Professor and Drector, Reading Center
She was co-principal investigator on several OSERS funded classroom observation projects at Albany and a Center for Women in Government Policy Fellow at the New York State Legislature.
McGill-Franzen was director or co-director of several projects funded within the OERI National Research Center for English Learning and Achievement (CELA). She is currently a co-principal investigator of an OERI longitudinal study of interventions to mediate the summer achievement gap in high-poverty schools, with particular attention to children in the intermediate grades who are likely to be retained.
Besides her work with struggling learners,McGill-Franzen is interested in exploring ways to use community knowledge to create meaning and purpose in school literacy curricula as well as ways to make parents more aware of the expectations that schools have for entering children and how to develop such competencies. She is collaborating with teachers to develop replicable instructional strategies that build print concepts and phonemic awareness within a framework of literature and familiar cultural knowledge. At the present time, she is project director for the THEC Teacher Quality grant, a program to build school capacity by developing teachers’ expertise in early literacy. The project is a partnership between the University of Tennessee and Knox County Schools that includes professional study and teacher-to-teacher collaboration and small group instruction of young children who are behind their peers.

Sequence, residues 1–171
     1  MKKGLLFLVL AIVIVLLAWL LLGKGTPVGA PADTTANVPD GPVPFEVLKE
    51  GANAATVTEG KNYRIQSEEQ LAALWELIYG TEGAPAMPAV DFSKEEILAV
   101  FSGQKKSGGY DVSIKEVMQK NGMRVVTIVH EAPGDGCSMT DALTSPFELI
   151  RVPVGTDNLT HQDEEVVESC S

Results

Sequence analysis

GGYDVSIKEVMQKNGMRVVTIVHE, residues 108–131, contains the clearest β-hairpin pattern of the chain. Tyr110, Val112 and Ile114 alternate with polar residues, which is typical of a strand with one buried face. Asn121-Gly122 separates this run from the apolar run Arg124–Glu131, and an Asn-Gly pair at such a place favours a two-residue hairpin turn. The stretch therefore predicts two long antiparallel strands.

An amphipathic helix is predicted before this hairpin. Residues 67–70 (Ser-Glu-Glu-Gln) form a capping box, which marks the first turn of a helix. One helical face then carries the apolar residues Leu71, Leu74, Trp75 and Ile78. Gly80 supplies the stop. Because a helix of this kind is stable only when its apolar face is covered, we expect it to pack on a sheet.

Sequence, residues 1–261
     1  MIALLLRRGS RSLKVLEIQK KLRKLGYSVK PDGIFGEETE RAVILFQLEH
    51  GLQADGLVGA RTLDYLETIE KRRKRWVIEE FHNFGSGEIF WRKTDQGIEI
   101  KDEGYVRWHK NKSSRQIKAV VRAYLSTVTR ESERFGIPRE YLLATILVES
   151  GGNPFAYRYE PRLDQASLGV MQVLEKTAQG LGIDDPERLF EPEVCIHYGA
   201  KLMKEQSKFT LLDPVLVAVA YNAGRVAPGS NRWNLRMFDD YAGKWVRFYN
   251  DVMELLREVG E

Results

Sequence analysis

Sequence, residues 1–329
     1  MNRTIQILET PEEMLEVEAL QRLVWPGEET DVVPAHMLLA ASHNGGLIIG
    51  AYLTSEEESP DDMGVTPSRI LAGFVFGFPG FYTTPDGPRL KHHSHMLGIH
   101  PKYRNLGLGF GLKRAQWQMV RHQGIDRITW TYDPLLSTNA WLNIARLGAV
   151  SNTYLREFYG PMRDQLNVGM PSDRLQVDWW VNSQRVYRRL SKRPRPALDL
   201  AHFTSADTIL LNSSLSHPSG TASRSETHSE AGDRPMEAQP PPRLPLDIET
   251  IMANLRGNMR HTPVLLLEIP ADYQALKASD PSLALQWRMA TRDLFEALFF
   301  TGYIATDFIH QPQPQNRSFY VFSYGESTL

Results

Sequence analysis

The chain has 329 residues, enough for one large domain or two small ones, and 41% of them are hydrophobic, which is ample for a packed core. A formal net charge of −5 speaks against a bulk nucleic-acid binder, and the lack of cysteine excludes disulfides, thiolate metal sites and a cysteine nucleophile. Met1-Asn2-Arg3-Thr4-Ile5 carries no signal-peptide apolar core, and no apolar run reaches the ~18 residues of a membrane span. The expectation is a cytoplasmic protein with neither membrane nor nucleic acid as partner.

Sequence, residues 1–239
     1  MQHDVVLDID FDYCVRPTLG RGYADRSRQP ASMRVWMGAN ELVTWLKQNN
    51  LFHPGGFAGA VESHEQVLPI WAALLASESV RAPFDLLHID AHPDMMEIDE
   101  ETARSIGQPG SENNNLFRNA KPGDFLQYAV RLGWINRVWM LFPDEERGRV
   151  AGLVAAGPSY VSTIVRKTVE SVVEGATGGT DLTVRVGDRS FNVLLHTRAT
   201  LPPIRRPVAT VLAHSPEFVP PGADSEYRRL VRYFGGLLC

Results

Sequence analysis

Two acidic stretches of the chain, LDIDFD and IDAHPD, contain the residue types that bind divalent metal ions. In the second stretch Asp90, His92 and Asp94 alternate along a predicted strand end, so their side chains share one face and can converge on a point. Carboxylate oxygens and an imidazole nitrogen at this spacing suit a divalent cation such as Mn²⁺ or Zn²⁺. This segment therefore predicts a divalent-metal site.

McGill-Franzen’s research with low-achieving children has been published in many journals including The Reading Teacher, Language Arts, Reading Research Quarterly, Educational Researcher, Learning Disabilities Quarterly, Elementary School Journal, and Journal of Educational Research. She was recipient of the International Reading Association Nila Banton Smith Award to disseminate the results of a longitudinal study of the development of literacy in children from four to seven years old and was co-recipient of the IRA Albert J. Harris Award for research published in the field of reading disabilities. McGill-Franzen is the 2004 recipient of the IRA Dina Feitelson Award honoring an empirical study of language and literacy acquisition with clear implications for instruction. The study, “Learning to be literate: A comparison of 5 urban preschool programs,” was published in the Journal of Educational Psychology. She serves on the board of directors of the National Reading Conference, a professional association of literacy researchers, and is a member of the Joint International Reading Association/National Institute of Child Health & Development Committee on Early Childhood Education. In addition, she is a technical consultant for the UNESCO-funded project on the diagnostic teaching of reading in Kenya, Ghana, and Tanzania.